Freshwater fish habitat

Australian native fish need a range of habitats to complete their life cycle. Widespread, good quality fish habitats increase the distribution and abundance of native fish.

Native fish move between habitats for the following reasons:

  • food availability
  • seasonal access
  • shelter
  • breeding sites
  • nursery areas.

Most native fish species use specific seasonal and life stage habitats. For example, Pacific blue-eyes prefer to inhabit small, shallow, slow-flowing coastal streams; saratoga prefer billabongs with floating aquatic vegetation and cod prefer large snags in deep water.

Freshwater fish habitats include:

  • habitat zones (rivers, lakes, wetlands, creeks, swamps etc.) in the upper, middle and lower sections of a waterway
  • microhabitats within each of these zones including banks, snags, rocks, channels, substrates, riffles, macrophytes (aquatic plants) and riparian vegetation.

Habitat zones influence the makeup of fish communities. This is particularly so in the headwaters of a catchment, where fish communities tend to be made up of fish species that specialise in living in the upper section of the waterway. Microhabitats have more influence on the distributions of individual fish species.

Quality fish habitats

Quality fish habitats provide the following benefits:

  • support fisheries resources
  • increase biodiversity
  • improve water quality
  • supply food for a variety of aquatic animals
  • increase the population and abundance of native fish
  • reduce the impacts of pest fish (e.g. carp, tilapia and gambusia).

Good quality, diverse fish habitats limit the impacts of invasive aquatic pests and weeds by giving native species a competitive advantage. Fish habitats help our native fish adapt to changing environmental conditions (including withstanding the effects of extreme events like fire, drought and floods).

The importance of riparian vegetation

Riparian vegetation is an important part of fish habitat. It provides:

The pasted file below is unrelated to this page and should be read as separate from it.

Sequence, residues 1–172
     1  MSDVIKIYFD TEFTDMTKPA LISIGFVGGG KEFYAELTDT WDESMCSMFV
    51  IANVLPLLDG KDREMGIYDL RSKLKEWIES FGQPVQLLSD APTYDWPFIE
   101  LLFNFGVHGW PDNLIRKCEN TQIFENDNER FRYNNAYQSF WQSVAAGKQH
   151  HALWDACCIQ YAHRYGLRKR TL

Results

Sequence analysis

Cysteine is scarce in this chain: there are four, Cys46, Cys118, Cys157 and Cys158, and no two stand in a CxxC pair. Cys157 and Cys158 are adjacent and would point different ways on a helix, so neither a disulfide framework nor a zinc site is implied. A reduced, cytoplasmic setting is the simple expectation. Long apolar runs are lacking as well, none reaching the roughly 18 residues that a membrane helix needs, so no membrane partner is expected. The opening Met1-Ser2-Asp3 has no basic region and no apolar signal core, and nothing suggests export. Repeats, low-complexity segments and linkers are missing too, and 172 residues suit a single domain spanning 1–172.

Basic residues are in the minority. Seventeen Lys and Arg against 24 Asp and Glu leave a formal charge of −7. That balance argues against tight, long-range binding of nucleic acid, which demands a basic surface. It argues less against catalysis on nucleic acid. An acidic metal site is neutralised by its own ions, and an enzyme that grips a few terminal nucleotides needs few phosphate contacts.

• erosion protection
  • improved water quality
  • buffering to the surrounding land use
  • shade, cover and water temperature regulation
  • up to 90% of food sources (detritus and insects)
  • habitat in the form of snags (logs, roots, branches and leaves).

Healthy riparian vegetation equals a healthy fish habitat.

Threats to freshwater fish habitats

Australian native fish populations have reduced in distribution and abundance as a result of human-induced habitat modification and loss, including:

  • waterway modification, flow regulation and waterway barriers
  • development of surrounding land and loss of riparian vegetation
  • introduction of exotic species and weeds
  • removal of instream habitat (snags, sediments and aquatic vegetation).


Fish habitat as defined under the Fisheries Act 1994 includes land, waters and plants associated with the life cycle of fish, and includes land and waters not presently occupied by fisheries resources. The Act provides for the management, protection and enhancement of fish habitat.

Fish habitat can be protected via the declaration of a fish habitat area or through the protection of specific habitat types (e.g. snags or wetlands).

Improving freshwater fish habitats

To reduce the impacts of the threats and to improve the freshwater fish habitats we need to:

  • maintain and protect aquatic and riparian vegetation
  • increase buffer zones
  • maintain and re-introduce snags
  • protect and restore the natural water flow regimes and connectivity of waterways
  • remove weeds and pest species
  • revegetate the riparian zone.